Directors Guild puts off talks with Hollywood studios in a sign of broader labor unrest

The Directors Guild of America headquarters
The Directors Guild of America headquarters in Los Angeles.
(Chris Pizzello / Invision/Associated Press)
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In a change from its usual practice in recent years, the Directors Guild of America has decided to not go into contract talks early, and will instead wait until later this spring, closer to when its bargaining agreement with Hollywood studios is set to expire.

In a statement to its 19,000 members Saturday evening, the union said its 80-person negotiating committee had unanimously decided it was not in its interest to begin negotiations well in advance of its contract expiration on June 30. In many of the bargaining rounds since the last Hollywood strike in 2007, the DGA has gone before the Writers Guild of America and SAG-AFTRA, setting the benchmark for the other unions. This time, the guild said it will negotiate only when it believes it will win the best deal.

“At this point the studios are not yet prepared to address our key issues,” the union negotiating committee’s chair, Jon Avnet, and co-chairs, Karen Gaviola, Todd Holland and national executive director Russ Hollander, said in a joint statement.


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The decision highlights the gulf that exists between the studios and Hollywood workers over key issues such as wages and streaming residuals, a chasm some believe is so wide that it will lead to the first major entertainment industry strike in 15 years. The Directors Guild has, atypically, been vocal in recent months about how difficult it expects this year’s contract negotiations to be.

“If the studios do not address these issues, they know we are prepared to fight,” the union told its members.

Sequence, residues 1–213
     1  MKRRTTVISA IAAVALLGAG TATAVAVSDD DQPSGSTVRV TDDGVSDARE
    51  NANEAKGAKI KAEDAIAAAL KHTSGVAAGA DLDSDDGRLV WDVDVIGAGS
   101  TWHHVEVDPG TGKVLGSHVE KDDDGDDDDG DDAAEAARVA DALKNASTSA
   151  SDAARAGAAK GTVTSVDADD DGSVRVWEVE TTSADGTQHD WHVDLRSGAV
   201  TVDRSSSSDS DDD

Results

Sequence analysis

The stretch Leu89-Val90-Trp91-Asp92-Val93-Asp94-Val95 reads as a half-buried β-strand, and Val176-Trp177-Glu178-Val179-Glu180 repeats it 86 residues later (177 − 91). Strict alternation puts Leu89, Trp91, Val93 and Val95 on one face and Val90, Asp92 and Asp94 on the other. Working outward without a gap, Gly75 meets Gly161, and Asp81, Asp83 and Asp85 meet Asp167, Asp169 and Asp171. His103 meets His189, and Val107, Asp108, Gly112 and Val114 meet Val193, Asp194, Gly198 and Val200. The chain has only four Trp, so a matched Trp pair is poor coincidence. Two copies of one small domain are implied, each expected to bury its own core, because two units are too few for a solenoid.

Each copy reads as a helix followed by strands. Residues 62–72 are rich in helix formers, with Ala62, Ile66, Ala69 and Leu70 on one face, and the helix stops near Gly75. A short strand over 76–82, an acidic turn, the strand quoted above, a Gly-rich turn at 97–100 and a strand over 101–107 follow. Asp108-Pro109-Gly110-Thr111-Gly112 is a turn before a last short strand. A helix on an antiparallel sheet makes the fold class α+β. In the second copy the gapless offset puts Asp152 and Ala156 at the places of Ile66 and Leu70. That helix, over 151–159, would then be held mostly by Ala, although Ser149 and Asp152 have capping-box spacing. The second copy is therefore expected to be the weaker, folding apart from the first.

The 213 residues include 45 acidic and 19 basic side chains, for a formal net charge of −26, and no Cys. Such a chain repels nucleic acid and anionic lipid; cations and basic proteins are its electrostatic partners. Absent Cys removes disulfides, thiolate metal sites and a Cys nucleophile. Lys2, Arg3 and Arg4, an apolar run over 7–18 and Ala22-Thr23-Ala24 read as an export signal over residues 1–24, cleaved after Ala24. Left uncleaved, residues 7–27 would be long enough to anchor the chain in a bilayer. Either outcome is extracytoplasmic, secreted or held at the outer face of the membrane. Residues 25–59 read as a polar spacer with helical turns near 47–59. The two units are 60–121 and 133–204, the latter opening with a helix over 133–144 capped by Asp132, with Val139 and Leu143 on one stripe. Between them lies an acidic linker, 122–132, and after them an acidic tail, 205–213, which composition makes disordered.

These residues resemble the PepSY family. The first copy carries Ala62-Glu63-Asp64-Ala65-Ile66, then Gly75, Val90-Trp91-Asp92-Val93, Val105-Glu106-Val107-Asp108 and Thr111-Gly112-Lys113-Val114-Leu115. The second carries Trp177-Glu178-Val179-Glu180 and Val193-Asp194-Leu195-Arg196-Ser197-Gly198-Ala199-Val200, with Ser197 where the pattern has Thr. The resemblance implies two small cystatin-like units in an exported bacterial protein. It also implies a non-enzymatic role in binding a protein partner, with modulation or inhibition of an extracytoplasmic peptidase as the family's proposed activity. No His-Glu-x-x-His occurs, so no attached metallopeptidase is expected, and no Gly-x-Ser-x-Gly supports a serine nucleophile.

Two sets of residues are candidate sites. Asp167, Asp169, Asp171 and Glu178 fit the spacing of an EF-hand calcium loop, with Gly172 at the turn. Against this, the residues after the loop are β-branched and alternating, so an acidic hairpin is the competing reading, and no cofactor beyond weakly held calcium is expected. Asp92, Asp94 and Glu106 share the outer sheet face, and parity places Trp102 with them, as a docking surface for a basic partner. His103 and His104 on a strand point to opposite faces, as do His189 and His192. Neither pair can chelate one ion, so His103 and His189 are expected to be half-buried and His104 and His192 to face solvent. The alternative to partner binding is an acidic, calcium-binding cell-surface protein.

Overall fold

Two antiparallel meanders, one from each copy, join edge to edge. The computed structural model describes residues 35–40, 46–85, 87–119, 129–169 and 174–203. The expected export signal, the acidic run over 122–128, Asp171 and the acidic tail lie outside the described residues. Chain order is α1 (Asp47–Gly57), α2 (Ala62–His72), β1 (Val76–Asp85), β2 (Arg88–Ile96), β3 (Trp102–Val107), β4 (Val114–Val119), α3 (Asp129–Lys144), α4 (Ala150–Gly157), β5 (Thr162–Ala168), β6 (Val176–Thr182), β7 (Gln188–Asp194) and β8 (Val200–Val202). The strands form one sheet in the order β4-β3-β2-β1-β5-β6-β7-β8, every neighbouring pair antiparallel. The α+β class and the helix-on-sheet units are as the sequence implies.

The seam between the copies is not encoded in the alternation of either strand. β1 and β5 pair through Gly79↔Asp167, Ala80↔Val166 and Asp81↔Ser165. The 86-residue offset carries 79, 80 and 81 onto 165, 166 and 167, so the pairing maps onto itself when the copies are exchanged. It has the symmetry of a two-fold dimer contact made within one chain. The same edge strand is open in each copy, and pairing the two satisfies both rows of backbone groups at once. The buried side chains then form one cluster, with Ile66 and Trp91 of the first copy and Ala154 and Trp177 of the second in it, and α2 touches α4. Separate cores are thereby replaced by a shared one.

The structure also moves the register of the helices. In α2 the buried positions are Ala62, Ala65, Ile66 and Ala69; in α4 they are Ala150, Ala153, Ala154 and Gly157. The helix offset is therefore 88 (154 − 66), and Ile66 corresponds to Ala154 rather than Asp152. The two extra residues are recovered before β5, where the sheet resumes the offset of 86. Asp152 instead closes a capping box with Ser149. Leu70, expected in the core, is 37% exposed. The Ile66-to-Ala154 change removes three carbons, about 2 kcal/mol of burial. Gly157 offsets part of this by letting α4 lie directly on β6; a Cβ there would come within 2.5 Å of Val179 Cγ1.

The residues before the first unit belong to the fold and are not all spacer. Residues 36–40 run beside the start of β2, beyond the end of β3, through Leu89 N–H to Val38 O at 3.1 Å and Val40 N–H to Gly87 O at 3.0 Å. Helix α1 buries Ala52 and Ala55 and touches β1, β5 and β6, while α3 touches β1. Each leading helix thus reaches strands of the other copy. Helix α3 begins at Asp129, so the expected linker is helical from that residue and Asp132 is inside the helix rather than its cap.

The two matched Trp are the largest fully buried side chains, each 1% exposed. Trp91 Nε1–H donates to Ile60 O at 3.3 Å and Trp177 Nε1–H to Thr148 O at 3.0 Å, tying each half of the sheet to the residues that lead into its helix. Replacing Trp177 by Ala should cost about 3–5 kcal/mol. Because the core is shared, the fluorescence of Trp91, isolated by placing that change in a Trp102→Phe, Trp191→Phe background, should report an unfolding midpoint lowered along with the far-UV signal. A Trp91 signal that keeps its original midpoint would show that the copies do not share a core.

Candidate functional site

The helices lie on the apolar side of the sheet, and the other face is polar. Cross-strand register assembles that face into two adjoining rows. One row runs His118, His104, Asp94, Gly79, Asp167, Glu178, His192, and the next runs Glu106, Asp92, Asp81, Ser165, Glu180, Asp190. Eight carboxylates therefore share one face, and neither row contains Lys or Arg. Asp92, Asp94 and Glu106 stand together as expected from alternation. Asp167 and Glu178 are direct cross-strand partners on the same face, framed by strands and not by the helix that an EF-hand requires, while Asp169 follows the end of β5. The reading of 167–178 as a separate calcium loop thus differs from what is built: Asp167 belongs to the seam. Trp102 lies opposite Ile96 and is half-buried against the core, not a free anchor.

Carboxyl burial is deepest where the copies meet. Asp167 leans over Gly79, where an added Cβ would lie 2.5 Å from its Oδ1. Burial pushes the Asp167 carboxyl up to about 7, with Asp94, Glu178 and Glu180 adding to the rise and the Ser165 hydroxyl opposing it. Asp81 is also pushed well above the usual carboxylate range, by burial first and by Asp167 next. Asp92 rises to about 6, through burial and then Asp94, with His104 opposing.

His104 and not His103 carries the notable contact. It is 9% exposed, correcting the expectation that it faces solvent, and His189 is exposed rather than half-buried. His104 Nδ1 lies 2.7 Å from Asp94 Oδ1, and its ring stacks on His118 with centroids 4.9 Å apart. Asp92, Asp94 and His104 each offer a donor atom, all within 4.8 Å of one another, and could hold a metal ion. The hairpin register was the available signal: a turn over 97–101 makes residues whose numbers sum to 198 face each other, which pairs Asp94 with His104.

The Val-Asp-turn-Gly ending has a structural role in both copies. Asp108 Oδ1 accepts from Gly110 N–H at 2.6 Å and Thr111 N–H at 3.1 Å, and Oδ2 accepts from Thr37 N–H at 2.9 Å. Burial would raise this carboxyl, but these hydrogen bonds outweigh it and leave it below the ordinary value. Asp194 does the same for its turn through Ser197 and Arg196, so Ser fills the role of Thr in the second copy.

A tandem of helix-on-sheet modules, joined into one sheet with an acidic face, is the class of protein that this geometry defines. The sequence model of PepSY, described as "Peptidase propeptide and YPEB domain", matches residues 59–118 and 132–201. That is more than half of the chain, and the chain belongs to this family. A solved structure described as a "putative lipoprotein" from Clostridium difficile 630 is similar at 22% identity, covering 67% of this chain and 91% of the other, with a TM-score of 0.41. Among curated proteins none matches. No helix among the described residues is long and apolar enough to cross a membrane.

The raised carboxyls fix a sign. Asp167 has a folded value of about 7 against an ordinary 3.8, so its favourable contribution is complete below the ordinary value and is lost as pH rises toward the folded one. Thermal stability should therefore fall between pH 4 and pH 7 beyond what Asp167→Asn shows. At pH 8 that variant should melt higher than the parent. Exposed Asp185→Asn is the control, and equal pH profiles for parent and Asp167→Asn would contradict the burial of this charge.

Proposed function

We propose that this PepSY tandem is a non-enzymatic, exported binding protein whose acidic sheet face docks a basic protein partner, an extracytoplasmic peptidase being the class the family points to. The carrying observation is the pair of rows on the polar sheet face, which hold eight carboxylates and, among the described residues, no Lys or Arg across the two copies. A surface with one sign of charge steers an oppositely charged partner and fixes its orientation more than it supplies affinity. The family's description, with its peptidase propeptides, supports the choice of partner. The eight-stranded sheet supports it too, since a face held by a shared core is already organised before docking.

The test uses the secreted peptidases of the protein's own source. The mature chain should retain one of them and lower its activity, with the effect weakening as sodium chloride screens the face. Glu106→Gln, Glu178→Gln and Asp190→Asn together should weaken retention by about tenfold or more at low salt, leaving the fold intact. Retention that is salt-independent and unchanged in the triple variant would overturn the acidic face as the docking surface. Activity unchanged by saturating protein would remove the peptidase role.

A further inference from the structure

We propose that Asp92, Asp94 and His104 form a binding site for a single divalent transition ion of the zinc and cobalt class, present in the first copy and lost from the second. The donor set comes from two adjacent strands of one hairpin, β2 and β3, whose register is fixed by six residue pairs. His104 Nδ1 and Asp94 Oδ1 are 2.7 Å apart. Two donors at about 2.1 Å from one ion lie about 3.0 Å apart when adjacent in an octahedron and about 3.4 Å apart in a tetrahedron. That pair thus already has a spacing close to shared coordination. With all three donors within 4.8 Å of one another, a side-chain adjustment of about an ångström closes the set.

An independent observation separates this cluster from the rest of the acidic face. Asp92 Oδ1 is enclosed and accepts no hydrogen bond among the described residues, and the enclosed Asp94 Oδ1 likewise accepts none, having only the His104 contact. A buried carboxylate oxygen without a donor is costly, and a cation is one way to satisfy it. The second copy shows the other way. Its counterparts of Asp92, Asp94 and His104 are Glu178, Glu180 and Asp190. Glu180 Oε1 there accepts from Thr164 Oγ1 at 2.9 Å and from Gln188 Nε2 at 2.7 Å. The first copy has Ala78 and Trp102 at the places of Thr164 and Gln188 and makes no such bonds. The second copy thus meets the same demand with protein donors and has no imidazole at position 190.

The Alliance of Motion Picture and Television Producers, which represents studios in bargaining, had no immediate comment.

The decision potentially means the Writers Guild, the Hollywood union that has gone on strike most often, might be able to set the tone for this year’s bargaining as its contract expires in May, before the DGA’s. The last time the DGA did not go first in negotiations was in 2011, and the last time the Writers Guild went first was in 2007.

The DGA said that over the last 18 months it has been preparing for bargaining by conducting research and consulting with industry experts. It also conducts preliminary conversations with studios to broach the key issues for its members. It is as a result of these talks that the union said it decided that studios were not ready to address its concerns.

The union said in its statement that it has won some of its biggest gains during negotiations by waiting until closer to the expiration of its contract.


It said timing of the talks was not the most important issue but whether the studios will address the areas its members are concerned about — namely wages, streaming residuals, safety, creative rights and diversity.

The DGA has gone on strike only once, briefly, in its 87-year history, in 1987.

The contracts for writers and actors also expire next year, setting the stage for a turbulent year of bargaining in Hollywood amid rapid shifts in entertainment.

Nov. 17, 2022